This past election, Grubb Street and the rest of the surrounding Panther Lake area voted to join the city of Kent. And this morning our new city held an open house in a local school - the school is part of the Kent school district, but the surrounding area only will become Kent by the middle of next year.
They needed to get a bigger boat. The room chosen was woefully undersized for the crowd that showed up at 10 AM. Similarly, the parking lot was packed to the gills. Supplies, and a lot of handouts, were quickly exhausted, and the officials, elected and otherwise, were pretty much overwhelmed. It was a mosh pit of locals in sweaters and seasonal jackets.
I had a sewers question (as in - we have a septic system, do we need to hook up to the newly installed sewers right now?), so I stood near a besieged Public Works rep, who was trying to provide detailed answers for a wide range of questions from new citizens who were wondering how the new deal would change/screw up their present lives. Many had specific questions for their present problems (Neighbor across the street parks in such a way that it makes it hard to get out of the driveway) as well as kinda vague, generally indignant statements (The road network is bad out here, so what are you going to do about it?).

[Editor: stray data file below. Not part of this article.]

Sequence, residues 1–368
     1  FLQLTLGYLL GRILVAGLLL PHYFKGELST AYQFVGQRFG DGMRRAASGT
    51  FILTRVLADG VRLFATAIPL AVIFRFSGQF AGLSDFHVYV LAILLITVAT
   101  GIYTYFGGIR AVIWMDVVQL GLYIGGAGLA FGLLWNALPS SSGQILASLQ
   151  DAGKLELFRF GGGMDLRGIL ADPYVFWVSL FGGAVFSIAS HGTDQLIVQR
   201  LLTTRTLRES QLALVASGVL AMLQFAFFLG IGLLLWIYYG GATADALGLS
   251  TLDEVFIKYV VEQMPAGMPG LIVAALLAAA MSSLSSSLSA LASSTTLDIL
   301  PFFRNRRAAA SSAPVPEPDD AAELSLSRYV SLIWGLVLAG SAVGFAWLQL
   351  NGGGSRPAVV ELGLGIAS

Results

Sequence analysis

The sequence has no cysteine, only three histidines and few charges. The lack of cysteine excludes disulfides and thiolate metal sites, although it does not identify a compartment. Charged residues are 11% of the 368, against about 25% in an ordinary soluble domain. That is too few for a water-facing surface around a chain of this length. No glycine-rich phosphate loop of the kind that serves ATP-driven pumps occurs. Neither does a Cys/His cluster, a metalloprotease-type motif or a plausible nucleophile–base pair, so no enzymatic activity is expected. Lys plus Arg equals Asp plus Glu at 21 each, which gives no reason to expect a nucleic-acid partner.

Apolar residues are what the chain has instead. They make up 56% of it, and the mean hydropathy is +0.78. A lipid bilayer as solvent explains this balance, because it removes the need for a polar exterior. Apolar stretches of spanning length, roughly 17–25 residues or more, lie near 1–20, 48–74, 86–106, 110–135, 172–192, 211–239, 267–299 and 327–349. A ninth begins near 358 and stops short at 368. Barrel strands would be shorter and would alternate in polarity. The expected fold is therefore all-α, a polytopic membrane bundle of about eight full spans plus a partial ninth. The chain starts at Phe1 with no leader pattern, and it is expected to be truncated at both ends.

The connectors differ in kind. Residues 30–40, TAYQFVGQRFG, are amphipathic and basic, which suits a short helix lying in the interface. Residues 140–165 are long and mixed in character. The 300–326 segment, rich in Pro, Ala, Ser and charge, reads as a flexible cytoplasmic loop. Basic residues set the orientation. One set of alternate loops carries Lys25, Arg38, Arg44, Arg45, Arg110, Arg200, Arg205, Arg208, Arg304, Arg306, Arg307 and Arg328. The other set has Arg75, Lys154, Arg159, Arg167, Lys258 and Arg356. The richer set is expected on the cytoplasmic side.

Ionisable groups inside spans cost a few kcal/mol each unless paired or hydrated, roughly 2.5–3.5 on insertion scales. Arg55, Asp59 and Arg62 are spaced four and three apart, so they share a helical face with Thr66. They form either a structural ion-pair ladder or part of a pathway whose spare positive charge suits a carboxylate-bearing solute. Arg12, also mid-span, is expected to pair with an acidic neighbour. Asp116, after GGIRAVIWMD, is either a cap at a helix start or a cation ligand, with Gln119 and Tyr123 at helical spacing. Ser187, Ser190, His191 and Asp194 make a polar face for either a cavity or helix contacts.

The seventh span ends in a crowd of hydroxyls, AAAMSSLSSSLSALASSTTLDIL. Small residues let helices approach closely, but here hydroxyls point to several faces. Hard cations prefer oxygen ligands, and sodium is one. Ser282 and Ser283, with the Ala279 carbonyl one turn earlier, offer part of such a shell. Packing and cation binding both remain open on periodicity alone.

(Oh, and the detailed answer to my specific question is, no, not yet. Unless the septic system fails, or we sell the house and the buyers' lender demands it, or there are enough local septic failures that Soos Creek Water requests it. Like so many other things, it is a bit nuanced).
A big theme was; you as a citizen aren't going to pay as much in taxes, but we as a city don't have a lot of money. The public works department has projects that have been in planning for thirty years. The police would like to establish a full-time station here (and on West Hill) but there's no funding. There was a lot of money talk in the room, usually about how the community doesn't have any.
One woman at the parks table was talking about how they didn't want to annex Panther Lake anyway but King County made them do it. Accurate, but I hope she wasn't part of the "welcome to the neighborhood" committee.
I didn't get the answer to my other question - we're changing cites, are we changing zip codes? It is a post office thing, said one councilman, but another attendee pointed out that they changed zip codes and street numbers when Renton annexed the Highlands, and it screwed up everything from postal service to Google maps. It is one of the niggling, detailed questions that I'm still going to have to dig out to get answered.
But in general, it was a manful attempt by the new city to meet the new neighbors. They have had four earlier annexations, but I get the feeling that this might be bigger than any of their previous attempts.
Oh, and I met one of the Mayor's assistants. Pleasant guy, but he didn't know about the zip codes, either.
And one last thing - I really want to get one of those public works maps. They had the nicest maps in the room. Just saying.
TSR R&D staff, Spring 1997 - So, a little more of TSR history, this time a list of all the designers and editors and the product groups they were in at a specific point in history. The...
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